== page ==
There has been a lot of talk in the news recently about Internet security. First and foremost has been the Heartbleed bug. Heartbleed exploits a flaw in the open source system that secures individual websites. You will notice when you browse that some website locations begin with HTTPS rather than HTTP. Secure sites use HTTPS. Sometimes you also see the little padlock. Well it turns out that in some instances that padlock was no lock at all.

So what is a person to do? Well, if you visit websites belonging to entities like banks, stores, e-mail providers or, come to think of it, just about any website, you need to think about changing your passwords, now and on a regular basis. Before changing your password for any particular website, discern whether they have updated their security to eliminate the Heartbleed bug. Most websites using security have indicated on their website whether they have made the update (or needed to; some did not). Once the website has eliminated the bug, change your password. Here are some tips on adequate password management. At base, choose difficult passwords, and do not use the same password across multiple websites. Use a password managers like Lastpass to manage your passwords.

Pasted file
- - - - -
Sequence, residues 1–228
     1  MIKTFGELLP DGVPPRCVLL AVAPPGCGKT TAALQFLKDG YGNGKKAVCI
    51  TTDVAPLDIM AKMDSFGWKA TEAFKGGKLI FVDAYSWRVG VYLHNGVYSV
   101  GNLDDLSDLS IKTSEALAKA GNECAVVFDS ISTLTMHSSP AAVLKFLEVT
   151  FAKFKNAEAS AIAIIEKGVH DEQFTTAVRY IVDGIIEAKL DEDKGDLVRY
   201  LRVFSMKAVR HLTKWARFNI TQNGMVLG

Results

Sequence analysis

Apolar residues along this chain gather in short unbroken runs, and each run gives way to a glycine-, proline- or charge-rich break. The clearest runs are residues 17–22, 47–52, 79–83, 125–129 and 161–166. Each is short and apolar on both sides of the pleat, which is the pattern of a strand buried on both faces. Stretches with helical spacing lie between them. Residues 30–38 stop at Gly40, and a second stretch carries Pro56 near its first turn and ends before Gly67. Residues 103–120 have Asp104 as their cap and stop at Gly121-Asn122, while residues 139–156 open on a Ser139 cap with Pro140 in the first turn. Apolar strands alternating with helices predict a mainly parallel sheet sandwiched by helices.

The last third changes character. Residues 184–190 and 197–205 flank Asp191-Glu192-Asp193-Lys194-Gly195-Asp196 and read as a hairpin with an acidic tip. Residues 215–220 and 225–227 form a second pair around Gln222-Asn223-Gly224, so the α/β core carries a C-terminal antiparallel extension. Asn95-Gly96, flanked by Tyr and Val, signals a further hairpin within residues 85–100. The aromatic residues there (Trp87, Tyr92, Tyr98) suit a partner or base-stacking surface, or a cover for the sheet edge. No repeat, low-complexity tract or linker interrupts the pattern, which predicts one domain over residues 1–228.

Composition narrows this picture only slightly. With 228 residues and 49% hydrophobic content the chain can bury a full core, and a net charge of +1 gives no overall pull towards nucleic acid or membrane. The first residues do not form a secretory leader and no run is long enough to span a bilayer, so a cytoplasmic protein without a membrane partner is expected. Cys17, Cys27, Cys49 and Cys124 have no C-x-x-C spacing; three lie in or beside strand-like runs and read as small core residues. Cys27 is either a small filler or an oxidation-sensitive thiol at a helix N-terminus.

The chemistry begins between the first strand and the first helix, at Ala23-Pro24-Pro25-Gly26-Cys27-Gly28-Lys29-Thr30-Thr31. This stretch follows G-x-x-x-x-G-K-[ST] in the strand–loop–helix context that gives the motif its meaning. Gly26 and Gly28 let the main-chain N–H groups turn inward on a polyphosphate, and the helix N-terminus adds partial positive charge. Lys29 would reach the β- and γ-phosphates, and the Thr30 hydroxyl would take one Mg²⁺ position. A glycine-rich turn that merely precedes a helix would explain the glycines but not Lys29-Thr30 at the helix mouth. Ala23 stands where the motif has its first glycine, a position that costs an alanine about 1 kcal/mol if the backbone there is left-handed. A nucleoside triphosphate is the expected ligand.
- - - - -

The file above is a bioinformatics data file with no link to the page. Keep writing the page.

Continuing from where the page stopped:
If someone figures out your username and password for your e-mail account, they may, among other things, hijack your e-mail account to send out malicious e-mails that attempt to draw the recipient to websites from which malicious code can be launched and their computer infected. We seem to be receiving a rash of messages from hacked e-mail accounts lately. Here are some tips on how to deal with your e-mail account if it has been hacked. Please feel free to share.

For many of its clients, GoatCloud manages the website, and takes many steps to keep your website secure. If you are managing your own website, make sure that you or someone else is keeping security software up to date and monitoring the site for any problems. If your site gets hacked, the bad guys not only can take it down, or use it to infect visitors’ computers, but also service providers such as Google can blacklist your site, which can be a search engine hole that is very hard to get out of.

Please let us know if you have any questions, and “Hey, let’s be careful out there.”

Photo credit: Security S-1A posted in Flickr Commons by SDASM Archives

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